There is a story from long ago, from a time that the gods were discussing where to hide the secret of peace and joy. They did not want humanity to find it before they could appreciate it. They had a great debate about where they could hide it so that when it was found they would be content. One of the gods suggested “We should hide it at the peak of the highest mountain.” After some discussion it was determined that it would be found too fast, too simply, too driven by the elements of this world. They also discussed the deepest forest, the deepest sea, and the hottest desert, all with the same conclusion. Then, the wisest god, who had been mostly silent up to this point, stood up and proclaimed that he knew where to hide it. Everyone turned in expectant silence and curiosity. He spoke slowly and calmly, “Hide it in the human heart, that is the last place they will look.” All of the gods agreed and to this day it is the only place to find it.*
Someone once asked Christ where the kingdom of God would come from. He responded by saying “The kingdom of God does not come with observation; nor will they say, ‘See here!’ or ‘See there!’ For indeed, the kingdom of God is within you.”(Luke 17:20-21).
Earthly feats like mountaineering, sailing, and all of the other adventures we take are only preparation for the real journey. At best, they give us the courage to take the most courageous journey of all, the one we fear most, the one that leads to the inner world of the human heart. Here, we are faced with ourselves. Here, we are faced with the truth of our beliefs, thoughts, and feelings.
What if those places we fear, those parts that seem ugly, those memories and feelings that seem like they would devour us if we stood to face them were the first courageous step in finding peace and joy? Sometimes I think that the motto of modern society is “escape suffering, life should be pain free”. We are told (and often believe) that money, success, passion, drugs, alcohol, food, sex, cars, and clothes will take away the suffering. We are told that we deserve to feel good, all the time. This is a great deception.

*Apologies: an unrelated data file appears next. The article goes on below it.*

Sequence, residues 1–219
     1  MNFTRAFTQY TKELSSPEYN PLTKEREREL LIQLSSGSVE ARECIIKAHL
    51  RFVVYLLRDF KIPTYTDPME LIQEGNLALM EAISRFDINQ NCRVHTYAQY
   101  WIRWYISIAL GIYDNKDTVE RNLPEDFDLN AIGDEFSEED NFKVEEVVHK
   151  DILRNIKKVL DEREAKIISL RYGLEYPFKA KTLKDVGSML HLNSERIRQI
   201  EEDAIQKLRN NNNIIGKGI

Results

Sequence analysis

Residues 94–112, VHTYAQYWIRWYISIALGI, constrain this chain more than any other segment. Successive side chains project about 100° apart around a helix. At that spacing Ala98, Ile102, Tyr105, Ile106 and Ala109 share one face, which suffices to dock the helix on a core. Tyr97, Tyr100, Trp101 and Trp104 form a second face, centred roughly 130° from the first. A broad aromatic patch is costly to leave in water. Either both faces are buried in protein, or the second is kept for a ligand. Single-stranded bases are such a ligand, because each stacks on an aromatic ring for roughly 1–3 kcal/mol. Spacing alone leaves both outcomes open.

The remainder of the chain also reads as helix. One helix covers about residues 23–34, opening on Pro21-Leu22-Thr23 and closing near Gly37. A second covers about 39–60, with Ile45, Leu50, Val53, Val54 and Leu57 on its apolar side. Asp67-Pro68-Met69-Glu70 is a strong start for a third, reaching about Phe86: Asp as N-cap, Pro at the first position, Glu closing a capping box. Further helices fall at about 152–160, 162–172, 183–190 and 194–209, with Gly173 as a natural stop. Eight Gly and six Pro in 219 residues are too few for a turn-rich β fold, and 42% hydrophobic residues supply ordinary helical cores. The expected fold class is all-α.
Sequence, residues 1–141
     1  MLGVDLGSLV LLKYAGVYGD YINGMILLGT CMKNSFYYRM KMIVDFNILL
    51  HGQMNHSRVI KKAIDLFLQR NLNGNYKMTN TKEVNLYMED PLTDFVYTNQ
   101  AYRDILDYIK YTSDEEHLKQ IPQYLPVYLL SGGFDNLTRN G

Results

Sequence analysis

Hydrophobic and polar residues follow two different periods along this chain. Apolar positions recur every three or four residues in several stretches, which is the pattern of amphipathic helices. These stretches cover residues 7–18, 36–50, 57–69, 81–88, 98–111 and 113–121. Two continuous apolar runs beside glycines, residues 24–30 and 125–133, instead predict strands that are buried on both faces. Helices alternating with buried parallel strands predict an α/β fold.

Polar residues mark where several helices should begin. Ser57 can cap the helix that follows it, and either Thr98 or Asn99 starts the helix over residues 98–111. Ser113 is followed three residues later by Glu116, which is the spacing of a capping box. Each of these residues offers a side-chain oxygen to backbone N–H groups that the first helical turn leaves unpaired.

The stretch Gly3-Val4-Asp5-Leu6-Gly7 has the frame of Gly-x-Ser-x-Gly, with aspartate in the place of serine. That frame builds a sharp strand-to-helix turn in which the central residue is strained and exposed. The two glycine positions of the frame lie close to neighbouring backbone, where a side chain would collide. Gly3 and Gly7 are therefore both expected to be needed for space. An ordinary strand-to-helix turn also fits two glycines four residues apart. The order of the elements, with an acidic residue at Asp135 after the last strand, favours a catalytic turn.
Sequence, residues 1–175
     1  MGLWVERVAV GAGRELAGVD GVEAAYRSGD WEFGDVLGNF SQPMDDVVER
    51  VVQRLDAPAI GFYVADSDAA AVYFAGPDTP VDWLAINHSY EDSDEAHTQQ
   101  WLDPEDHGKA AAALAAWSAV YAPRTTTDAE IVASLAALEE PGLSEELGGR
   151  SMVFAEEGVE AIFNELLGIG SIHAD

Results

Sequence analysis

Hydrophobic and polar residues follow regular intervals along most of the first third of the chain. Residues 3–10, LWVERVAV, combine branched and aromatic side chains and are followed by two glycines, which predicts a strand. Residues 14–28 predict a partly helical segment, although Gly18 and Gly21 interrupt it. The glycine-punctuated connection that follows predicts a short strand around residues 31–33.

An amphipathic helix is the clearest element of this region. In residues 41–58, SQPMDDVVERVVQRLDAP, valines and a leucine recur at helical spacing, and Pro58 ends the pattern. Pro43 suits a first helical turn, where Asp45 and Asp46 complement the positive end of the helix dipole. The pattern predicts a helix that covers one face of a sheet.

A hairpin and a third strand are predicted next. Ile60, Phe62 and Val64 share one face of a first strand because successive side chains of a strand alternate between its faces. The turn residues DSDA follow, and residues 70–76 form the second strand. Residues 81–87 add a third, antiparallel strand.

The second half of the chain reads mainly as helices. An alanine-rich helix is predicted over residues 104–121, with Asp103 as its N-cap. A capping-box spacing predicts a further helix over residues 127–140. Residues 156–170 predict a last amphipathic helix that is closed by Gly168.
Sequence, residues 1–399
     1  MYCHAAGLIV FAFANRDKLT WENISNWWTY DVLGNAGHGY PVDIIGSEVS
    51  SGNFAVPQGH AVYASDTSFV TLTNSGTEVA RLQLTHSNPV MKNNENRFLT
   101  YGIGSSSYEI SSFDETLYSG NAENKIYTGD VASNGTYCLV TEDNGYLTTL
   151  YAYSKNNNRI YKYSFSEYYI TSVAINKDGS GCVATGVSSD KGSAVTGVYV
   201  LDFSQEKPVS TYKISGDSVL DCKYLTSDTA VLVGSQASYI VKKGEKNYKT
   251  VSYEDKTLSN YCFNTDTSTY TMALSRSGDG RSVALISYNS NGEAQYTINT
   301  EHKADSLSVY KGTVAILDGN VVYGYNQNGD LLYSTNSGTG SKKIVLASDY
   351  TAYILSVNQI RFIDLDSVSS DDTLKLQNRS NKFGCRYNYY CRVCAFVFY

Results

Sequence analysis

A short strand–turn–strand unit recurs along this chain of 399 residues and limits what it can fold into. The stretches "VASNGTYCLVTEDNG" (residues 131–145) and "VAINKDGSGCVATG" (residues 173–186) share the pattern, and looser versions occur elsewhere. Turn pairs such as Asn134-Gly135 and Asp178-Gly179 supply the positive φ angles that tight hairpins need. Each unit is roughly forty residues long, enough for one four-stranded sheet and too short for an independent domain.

What if the secret to peace and joy is to go through the storm of suffering by embracing struggle rather than condemning it, avoiding it, and ultimately denying its existence?
“Love your enemies,” Jesus said. What if that started with the enemies within; those memories, thoughts, beliefs, and feelings we fear to face? What if our nearest adversary was our fear of the truth, the fear of ourselves as we struggle to keep up with appearances?
Richard Schwartz, the founder of the Internal Family Systems (IFS) model of therapy calls those painful and scary parts of our inner-universe the “Exiles”. In a conference speaking to clinicians who work with bulimic patients he said that these exiled parts of us “are locked in the inner abysses and when they are unburdened they become the light playful child… the childlike parts that they originally were” (Schwartz, 32:54).
This reminds me of time Jesus’s disciples were debating who would be the greatest among them. Christ ushered over a small child and told them “with certainty, unless you change and become like little children, you will never get into the kingdom of heaven” (Matthew 18:3).
We must become like children? Children are so weak, vulnerable, clumsy, and needy…
However, the inner child knows peace and joy. The child trusts, lives in the present, loves and forgives. Sadly, the inner-child is often locked away in the depths of our heart, beneath the layered sophistication of adulthood.
How do we become like children?
The last place we look for peace and joy, our heart, should be the first. The way to the child within is not in escaping the truth but in finding the courage to sit with the fear of our honest feelings, thoughts, and beliefs. However, we don’t have to walk this road alone. It is good when we find the courage to allow others into our journey.
May peace and joy find us on our way.
*Story adapted from Richard Schwartz’s book, “Introduction to the Internal Family Systems Model.”
Internal Family Systems: An Introduction & Live Clinical Demonstration [Video file]. (2011). PESI Inc. Retrieved November 6, 2015, from Academic Video Online: Premium.